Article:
- Search The Registry
- Teacher’s Forum
- Street Team Youth Programs
- About Us
- Creating Support
- My Account
Raymond St. Jacques
*Raymond St. Jacques was born on this date in 1930. He was a Black actor, director, and producer.
St. Jacques was born James Arthur Johnson in Hartford, Connecticut. He had a sister, Barbara Ann. Shortly after his birth, his parents divorced; he moved with his mother and sister to New Haven, Connecticut. Johnson's mother, Vivienne, later worked as a medical technician at Yale University. After graduating from Hillhouse High School, Johnson attended Yale, studying drama and psychology. After graduation, he worked as an assistant director, actor, and fencing instructor for the American Shakespearean Festival in New Haven. He staged all of the fencing scenes and duels while at the company and would continue to practice fencing for the rest of his life.
After moving to New York City, Johnson pursued acting and studied at the Actors Studio. He worked as a model, dishwasher, and busboy to support himself. His first professional acting role was in the off-Broadway play High Name Today. He was cast as "Judge" in the off-Broadway performance of Jean Genet's play The Blacks at St. Mark's Playhouse in 1960. During the 1960s, St. Jacques also guest-starred on numerous television shows, including East Side/West Side, Daktari, The Virginian, and The Man from U.N.C.L.E. In 1965, he was cast as "Simon Blake" in the Western series Rawhide, the first Black actor ever to be cast as a regular on a prime-time American Western series.
Throughout the 1960s and 1970s, St. Jacques continued with roles on stage, film, and television. He became known as "The Man of a Thousand Faces" due to his varied roles throughout his career. After appearing in bit parts on television in the early 1960s, St. Jacques made his film debut in a small part in the 1964 film Black Like Me. He followed with a role in The Pawnbroker later that year. He appeared in supporting roles in The Comedians (1967) and The Green Berets (1968). His best-known film roles were that of Coffin Ed in the blaxploitation classics Cotton Comes to Harlem (1970) (adapted from crime novels by Chester Himes) and Come Back, Charleston Blue (1972).
In the early 1970s, St. Jacques began teaching fencing and acting at the Mafundi Institute in Watts, Los Angeles. In 1973, he produced, directed, and starred in the crime film Book of Numbers. In 1976, St. Jacques starred as Othello in the John Anson Ford Amphitheatre production of the play of the same name. He remained active in stage work throughout his career, touring in productions of Julius Caesar, Romeo and Juliet, A Raisin in the Sun, and the stage adaptation of The Man with the Golden Arm. From 1988 to 1989, St. Jacques had a two-year stint as Judge Clayton C. Thomas on the syndicated TV show Superior Court. In 1989, he played abolitionist Frederick Douglass in Edward Zwick's Glory. His final film role was in the 1991 sci-fi film Timebomb, released after his death.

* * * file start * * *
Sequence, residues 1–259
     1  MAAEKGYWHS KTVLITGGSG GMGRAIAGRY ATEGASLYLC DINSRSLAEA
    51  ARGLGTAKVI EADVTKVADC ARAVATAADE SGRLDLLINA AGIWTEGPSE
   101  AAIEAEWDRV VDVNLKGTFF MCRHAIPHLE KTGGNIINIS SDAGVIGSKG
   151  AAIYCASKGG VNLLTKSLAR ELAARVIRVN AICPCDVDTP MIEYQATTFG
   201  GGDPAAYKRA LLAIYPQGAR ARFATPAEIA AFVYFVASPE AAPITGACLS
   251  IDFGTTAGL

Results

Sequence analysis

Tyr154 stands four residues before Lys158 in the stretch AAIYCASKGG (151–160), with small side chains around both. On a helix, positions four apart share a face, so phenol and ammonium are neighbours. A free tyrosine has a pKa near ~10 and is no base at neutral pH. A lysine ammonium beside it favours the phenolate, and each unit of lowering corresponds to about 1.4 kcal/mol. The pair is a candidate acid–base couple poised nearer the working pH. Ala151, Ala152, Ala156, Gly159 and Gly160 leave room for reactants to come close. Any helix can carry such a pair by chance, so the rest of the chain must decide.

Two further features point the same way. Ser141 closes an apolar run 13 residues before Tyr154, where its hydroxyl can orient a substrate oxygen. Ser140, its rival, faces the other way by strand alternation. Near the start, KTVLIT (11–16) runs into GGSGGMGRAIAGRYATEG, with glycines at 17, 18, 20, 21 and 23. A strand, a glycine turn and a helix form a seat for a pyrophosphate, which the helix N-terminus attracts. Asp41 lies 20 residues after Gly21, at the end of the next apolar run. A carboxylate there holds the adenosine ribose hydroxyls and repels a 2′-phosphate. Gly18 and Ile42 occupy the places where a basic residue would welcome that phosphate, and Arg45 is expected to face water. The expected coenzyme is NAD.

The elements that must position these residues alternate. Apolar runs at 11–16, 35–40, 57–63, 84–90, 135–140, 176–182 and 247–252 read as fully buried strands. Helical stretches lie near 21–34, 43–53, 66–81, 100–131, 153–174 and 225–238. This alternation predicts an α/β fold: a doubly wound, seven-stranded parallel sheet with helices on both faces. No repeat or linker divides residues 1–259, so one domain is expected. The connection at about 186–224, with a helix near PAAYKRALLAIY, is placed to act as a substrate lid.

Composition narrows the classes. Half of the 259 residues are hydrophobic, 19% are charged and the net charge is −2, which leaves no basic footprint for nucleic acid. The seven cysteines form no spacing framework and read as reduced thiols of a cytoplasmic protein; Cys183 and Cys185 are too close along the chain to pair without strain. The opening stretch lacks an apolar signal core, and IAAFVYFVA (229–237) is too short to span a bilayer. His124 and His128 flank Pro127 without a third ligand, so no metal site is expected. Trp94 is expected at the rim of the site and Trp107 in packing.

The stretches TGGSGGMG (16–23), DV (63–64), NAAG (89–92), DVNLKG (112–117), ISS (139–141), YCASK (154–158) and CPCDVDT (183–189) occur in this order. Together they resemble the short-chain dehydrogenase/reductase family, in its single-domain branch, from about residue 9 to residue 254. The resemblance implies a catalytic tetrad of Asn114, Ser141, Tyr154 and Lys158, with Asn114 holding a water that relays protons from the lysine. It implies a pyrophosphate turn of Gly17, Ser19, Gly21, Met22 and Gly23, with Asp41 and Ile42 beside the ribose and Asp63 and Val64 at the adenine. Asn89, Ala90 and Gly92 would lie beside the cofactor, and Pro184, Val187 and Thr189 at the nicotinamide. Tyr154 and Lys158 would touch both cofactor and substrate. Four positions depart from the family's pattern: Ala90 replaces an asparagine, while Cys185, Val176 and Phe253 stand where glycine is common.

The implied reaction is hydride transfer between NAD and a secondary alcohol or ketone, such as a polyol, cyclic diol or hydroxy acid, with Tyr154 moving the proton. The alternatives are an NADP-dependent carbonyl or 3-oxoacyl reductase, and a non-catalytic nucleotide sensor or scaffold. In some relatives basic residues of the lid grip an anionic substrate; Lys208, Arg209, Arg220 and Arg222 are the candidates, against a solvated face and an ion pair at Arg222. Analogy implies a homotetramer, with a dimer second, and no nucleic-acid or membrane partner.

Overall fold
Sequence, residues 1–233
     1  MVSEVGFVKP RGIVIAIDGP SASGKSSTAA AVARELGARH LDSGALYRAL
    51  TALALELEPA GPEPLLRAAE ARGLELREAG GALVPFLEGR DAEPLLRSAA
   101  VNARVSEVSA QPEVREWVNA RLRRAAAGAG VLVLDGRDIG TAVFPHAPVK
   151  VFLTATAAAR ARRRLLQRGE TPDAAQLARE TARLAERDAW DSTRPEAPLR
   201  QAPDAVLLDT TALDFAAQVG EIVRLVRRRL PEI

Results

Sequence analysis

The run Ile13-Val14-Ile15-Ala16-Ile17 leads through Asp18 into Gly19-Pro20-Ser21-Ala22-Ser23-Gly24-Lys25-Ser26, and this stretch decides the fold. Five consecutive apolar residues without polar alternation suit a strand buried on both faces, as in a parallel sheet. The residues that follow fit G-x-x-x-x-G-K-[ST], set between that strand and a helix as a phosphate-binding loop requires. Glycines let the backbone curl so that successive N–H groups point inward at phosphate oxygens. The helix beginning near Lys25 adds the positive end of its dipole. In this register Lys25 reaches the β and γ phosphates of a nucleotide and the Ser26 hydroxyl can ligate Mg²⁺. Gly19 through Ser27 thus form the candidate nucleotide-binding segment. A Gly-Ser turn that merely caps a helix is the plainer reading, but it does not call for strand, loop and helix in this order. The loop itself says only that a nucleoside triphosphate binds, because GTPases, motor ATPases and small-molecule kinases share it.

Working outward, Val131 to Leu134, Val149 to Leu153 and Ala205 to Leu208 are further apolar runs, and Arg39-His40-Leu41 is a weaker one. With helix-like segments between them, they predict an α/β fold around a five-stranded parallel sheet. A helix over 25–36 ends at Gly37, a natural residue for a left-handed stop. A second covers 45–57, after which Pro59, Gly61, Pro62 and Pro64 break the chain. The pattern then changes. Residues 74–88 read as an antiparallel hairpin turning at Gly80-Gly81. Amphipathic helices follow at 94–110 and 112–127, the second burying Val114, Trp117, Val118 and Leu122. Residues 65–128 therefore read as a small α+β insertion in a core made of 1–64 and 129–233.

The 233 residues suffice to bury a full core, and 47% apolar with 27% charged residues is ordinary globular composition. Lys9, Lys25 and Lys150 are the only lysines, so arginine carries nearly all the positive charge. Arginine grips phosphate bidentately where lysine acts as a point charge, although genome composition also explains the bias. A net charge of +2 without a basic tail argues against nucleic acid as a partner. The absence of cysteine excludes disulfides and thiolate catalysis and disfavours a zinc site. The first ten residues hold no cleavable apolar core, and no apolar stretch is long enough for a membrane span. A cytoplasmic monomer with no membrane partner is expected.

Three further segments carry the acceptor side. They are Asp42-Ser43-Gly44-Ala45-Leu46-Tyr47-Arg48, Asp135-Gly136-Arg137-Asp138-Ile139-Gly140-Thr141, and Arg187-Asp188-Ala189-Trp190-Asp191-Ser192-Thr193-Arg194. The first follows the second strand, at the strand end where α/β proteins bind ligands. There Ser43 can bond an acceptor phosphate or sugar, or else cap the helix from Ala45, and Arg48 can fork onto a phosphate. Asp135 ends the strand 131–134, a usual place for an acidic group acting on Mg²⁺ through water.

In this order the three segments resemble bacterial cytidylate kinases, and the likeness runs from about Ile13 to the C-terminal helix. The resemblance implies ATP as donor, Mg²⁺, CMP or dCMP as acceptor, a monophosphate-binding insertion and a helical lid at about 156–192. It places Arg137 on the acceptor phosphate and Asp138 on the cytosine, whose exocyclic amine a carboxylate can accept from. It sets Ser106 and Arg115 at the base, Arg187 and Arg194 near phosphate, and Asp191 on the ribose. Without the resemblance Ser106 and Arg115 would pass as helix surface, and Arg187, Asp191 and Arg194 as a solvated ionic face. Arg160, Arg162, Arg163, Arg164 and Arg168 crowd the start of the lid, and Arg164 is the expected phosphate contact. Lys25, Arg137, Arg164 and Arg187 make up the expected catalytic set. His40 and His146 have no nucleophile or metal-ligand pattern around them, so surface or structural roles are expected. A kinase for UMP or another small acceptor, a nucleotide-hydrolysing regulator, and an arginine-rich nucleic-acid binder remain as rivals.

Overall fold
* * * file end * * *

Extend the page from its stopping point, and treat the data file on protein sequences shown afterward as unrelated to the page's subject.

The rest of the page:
St. Jacques was a lifelong bachelor. In August 1969, St. Jacques granted an interview to columnist Earl Wilson and told Wilson of his plans to adopt two African American boys who were 6 and 7 years old. The adoption never happened, but by the early 1970s, St. Jacques claimed to have two older sons, Raymond, Jr, and Sterling. In a 1973 interview, St. Jacques claimed that Raymond, Jr was living in Boston. In May 1972, Sterling, then reported to be 22 years old, made news after four men attempted to rob St. Jacques' Bel Air home. Sterling was the only person home at the time (St. Jacques was in Dallas at the time) and fled after calling the police. The four men were apprehended after their getaway car stalled in St. Jacques' driveway. Sterling went on to appear in St. Jacques' 1973 film Book of Numbers. In the mid to late 1970s, Sterling became known as a high fashion model (briefly engaged to fellow model Pat Cleveland), dancer, and a frequent New York City nightclub and society fixture.
In her 2016 memoir Walking with Muses, Sterling’s ex-fiancée Pat Cleveland stated that their engagement ended because Sterling was Gay. Sometime in the early 1980s, he moved to Europe, where he found moderate success as an Italo disco singer. Sterling St Jacques reportedly died of complications of AIDS in 1984 (his death has never been officially confirmed, and his true fate remains unknown). However, in a 1988 Chicago Tribune interview, St. Jacques claimed to have two sons and said Sterling was appearing on a television show in Düsseldorf. The adoption of Raymond, Jr. and Sterling was never official. In his will, St. Jacques claimed that he had no children and named only Sterling, whom he identified as his nephew, in his will. St. Jacques bequeathed Sterling $1 from his $750,000 estate.
St. Jacques frequently spoke of the prejudices he and other Black actors faced in being cast in non-stereotypical, thoughtful roles. He later worked to help African Americans find work behind the camera. In 1977 he publicly criticized the lack of minority actors in Star Wars (which he acknowledged having seen five times) and other science fiction films. St. Jacques was also an activist for American Civil Rights. In 1985, he and other protestors were arrested during an anti-apartheid demonstration outside the South African embassy in Washington, D.C. On August 27, 1990, Raymond St. Jacques, the first Black actor to appear in a regular role on an American western series, playing Simon Blake on Rawhide, died of lymphoma in Los Angeles, California. His funeral was held on August 31 at The Church of the Recessional at Forest Lawn Memorial Park in Glendale, California. One of the pallbearers at the funeral was Stanley Bennett Clay, who later revealed that St. Jacques had not been Sterling's adoptive father but his sugar daddy, but that they later had a falling out.